The first time we meet is over India pale ales. A month later, Oktoberfests are all around. We discuss the merits of a simple pepperoni slice and how a solid lager is the best indication that a brewery is “brewing correctly, because there’s no way to hide it.”
In between discussing whether we can separate art from the artist – here’s looking at you, Kanye – and how much we revere the almighty em—dash, we touch on race relations and how well-meaning organizations often cannibalize partnerships that are meant to elevate Black,
Indigenous and people of color.
Capsoul Collective founders Eric Jackson and Tyrel Murdaugh know a thing or two about beer – Jackson is a certified beer server and is even studying to become a certified cicerone, a title that is notoriously difficult to achieve with a less than 40% pass rate for the exam.
But beyond their love of hops and worts is their firmly held belief that beer can bring even the most disparate people together.
“I think there’s a destiny in beer,” Jackson says.
The two founded Capsoul Collective in March 2019 with a mission to “diversify taprooms, expand palates and connect dope people together through music, art and fashion.”
“Everybody nerds out about something,” Jackson says. Murdaugh, co-owner and founder of a podcast network, Nerd Black Network, nods vigorously at hearing his tag line.
To facilitate his nerding out, four years ago Jackson started his Instagram Uncap Everything, documenting his beer journey. With over 7,000 followers Jackson is a veritable beer-fluencer, working with brands like Allagash and Angry Orchard. He curates the beer menu at Urban Hang Suite and is quick to quiz a fellow beer lover about how yes, kolsch is in the lager family. But did you know it uses ale yeast?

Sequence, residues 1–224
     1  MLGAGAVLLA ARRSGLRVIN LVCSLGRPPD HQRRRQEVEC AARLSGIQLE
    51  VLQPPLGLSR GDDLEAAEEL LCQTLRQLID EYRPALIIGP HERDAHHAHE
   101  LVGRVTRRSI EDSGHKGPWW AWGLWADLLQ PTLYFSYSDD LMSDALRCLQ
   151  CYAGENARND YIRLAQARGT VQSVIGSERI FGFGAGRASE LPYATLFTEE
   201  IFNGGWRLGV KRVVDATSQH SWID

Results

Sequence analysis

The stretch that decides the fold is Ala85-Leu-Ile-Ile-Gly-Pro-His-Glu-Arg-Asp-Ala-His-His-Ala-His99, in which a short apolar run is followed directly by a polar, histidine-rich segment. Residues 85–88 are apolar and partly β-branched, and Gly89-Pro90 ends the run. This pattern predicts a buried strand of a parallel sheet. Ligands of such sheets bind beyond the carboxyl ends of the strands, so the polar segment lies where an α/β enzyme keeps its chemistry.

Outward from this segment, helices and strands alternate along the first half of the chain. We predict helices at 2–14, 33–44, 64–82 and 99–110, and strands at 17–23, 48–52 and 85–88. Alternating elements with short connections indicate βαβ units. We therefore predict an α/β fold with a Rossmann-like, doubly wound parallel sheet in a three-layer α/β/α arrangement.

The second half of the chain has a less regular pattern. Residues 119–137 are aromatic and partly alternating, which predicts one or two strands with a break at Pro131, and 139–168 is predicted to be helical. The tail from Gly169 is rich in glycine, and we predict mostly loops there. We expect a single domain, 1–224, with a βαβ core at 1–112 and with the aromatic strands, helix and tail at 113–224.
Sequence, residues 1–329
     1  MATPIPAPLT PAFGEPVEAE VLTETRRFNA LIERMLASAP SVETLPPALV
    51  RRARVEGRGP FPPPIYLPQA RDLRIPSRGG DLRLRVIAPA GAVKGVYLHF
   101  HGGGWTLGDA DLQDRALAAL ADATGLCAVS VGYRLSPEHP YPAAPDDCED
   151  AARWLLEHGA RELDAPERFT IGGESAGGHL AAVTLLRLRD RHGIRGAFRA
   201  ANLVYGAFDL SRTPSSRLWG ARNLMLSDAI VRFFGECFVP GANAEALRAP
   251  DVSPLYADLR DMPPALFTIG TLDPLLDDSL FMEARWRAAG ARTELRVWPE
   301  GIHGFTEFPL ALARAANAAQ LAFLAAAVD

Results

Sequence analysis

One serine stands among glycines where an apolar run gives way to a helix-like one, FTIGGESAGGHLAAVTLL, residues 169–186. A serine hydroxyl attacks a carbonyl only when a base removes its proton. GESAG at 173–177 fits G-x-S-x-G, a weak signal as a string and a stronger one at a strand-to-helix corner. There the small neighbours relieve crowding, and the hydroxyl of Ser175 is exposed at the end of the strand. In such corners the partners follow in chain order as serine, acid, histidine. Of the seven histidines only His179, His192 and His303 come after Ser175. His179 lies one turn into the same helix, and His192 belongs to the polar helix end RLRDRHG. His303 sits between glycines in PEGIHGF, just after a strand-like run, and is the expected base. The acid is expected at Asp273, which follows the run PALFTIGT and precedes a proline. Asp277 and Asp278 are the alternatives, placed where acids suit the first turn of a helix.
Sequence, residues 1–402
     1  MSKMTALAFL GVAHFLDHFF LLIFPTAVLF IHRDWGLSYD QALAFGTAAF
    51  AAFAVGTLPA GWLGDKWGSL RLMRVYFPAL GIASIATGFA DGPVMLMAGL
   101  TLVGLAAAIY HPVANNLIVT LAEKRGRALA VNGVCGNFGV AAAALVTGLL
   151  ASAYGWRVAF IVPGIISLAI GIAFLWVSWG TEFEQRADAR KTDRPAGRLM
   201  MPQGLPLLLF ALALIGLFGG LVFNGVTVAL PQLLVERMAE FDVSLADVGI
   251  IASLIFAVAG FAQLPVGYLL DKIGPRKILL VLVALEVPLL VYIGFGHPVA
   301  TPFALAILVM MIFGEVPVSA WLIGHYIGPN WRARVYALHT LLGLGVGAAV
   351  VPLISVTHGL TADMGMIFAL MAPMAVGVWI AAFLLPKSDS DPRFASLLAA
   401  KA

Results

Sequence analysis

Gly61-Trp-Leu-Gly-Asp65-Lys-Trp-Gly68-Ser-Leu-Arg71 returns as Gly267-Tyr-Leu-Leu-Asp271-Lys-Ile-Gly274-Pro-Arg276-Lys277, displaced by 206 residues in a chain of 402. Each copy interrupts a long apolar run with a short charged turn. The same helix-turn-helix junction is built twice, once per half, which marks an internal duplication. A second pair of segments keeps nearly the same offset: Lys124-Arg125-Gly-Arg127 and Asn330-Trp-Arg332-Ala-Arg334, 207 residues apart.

“I don’t even know what the original idea was at the beginning for Capsoul,” Jackson says. “There were some friends of mine doing things in the beer business and I wanted to do something that was more intentional and related specifically to our culture.”
Murdaugh remembers their early days, just as clearly as he remembers the first craft beer he fell in love with, a peanut butter stout.
“Eric was the general manager at Champion Brewery, and I was doing a podcast about books and brews,” Murdaugh says. Jackson took Murdaugh under his wing – before becoming inundated with all things craft, Murdaugh says the closest he came to being a beer snob was ordering a Blue Moon at the bar. “I thought that was fancy!”
“Capsoul bridges the gap between breweries and people of color,” Murdaugh says. “Whether you’re Black or Asian … people who aren’t normally seen in breweries.” According to a New York Times article in August, of the more than 8,000 breweries across the country, only 60 are Black-owned. That’s less than 1%.
“Conversations can be started over beer, friendships can be made, community can be grown,” Murdaugh says. He and Jackson want to expand the craft brewing world, empowering folks – especially women and people of color – to waltz into any taproom without feeling intimidated or wary.